Objective: To assess the population-level costs, effects and cost-effectiveness of different alcohol and tobacco control strategies in Estonia.
Design: A WHO cost-effectiveness modelling framework was used to estimate the total costs and effects of interventions. Costs were assessed in Estonian Kroon (EEK) for the year 2000, while effects were expressed in disability-adjusted life years (DALYs) averted. Regional cost-effectiveness estimates for Eastern Europe, were used as baseline and were contextualised by including country-specific input data.
Results: Increased excise taxes are the most cost-effective intervention to reduce both hazardous alcohol consumption and smoking: 759 EEK (euro 49) and 218 EEK (euro 14) per DALY averted, respectively. Imposing additional advertising bans would cost 1331 EEK (euro 85) per DALY averted to reduce hazardous alcohol consumption and 304 EEK (euro 19) to reduce smoking. Compared to WHO-CHOICE regional estimates, interventions were less costly and thereby more cost-effective in Estonia.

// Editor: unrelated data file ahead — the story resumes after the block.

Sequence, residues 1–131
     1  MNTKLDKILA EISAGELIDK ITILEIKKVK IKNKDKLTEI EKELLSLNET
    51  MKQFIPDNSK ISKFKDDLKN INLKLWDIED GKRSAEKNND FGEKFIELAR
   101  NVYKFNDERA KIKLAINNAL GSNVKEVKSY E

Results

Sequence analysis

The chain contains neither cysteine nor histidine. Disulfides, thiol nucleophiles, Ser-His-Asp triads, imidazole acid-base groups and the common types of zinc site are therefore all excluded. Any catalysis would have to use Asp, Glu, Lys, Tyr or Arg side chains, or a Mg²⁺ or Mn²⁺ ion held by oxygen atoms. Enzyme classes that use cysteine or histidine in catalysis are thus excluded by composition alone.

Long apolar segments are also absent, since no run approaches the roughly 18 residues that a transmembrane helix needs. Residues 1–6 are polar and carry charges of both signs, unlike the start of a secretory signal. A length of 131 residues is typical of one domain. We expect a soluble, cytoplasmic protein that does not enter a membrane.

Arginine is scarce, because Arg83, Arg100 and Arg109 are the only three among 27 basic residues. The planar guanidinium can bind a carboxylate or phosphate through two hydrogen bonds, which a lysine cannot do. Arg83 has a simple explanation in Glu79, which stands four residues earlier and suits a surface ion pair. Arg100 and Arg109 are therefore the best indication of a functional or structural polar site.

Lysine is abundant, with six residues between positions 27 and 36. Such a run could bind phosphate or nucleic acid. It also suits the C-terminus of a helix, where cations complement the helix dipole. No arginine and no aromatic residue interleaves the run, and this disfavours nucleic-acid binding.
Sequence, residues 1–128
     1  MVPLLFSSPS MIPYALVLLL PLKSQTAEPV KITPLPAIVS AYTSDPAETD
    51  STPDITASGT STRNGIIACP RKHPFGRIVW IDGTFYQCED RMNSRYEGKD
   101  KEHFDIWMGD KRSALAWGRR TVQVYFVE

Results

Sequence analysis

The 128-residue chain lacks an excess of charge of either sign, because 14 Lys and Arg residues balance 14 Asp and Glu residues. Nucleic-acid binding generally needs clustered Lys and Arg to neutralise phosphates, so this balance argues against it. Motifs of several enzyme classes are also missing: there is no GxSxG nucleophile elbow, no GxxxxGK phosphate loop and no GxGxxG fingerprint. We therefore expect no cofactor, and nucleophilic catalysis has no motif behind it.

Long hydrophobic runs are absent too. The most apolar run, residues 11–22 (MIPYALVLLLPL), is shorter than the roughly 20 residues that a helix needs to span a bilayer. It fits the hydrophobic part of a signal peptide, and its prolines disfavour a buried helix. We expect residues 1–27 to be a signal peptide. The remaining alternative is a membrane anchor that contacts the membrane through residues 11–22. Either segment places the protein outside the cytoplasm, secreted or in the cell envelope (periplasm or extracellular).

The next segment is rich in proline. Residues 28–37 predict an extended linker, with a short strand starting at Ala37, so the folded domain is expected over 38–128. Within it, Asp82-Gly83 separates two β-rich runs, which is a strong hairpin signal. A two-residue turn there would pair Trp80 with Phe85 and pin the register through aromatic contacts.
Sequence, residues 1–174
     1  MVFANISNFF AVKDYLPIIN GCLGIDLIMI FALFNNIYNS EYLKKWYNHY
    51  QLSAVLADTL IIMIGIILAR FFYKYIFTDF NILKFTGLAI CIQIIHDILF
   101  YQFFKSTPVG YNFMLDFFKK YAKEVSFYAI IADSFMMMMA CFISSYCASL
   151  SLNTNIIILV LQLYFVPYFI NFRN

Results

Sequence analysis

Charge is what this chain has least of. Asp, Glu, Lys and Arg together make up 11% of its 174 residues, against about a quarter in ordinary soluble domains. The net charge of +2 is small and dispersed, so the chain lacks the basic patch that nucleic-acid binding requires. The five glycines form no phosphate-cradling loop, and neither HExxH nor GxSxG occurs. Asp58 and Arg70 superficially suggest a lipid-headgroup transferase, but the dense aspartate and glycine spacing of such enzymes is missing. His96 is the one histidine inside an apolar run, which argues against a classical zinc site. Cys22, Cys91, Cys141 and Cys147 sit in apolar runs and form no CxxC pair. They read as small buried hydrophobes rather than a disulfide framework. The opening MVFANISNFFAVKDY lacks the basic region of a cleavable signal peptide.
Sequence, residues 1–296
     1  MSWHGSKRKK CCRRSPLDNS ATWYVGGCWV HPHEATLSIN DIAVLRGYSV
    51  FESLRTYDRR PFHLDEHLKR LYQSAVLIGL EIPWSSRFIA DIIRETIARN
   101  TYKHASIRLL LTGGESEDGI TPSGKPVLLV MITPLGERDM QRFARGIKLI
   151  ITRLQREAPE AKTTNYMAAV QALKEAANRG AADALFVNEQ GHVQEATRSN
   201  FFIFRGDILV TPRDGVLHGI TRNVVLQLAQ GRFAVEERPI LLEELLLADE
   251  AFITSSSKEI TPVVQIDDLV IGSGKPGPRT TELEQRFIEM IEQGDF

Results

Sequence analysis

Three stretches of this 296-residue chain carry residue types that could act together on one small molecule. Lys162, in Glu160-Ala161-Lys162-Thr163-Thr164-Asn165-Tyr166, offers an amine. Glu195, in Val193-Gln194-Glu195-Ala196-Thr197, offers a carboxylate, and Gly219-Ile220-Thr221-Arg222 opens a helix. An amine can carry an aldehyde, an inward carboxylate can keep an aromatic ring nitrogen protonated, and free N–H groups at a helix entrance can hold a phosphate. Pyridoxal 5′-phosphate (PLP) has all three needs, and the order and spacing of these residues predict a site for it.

Conclusions: Interventions in alcohol and tobacco control are cost-effective, and broad implementation of these interventions to upgrade current situation is warranted from the economic point of view. First priority is an increase in taxation, followed by advertising bans and other interventions. The differences between WHO-CHOICE regional cost-effectiveness estimates and contextualised results underline the importance of the country level analysis.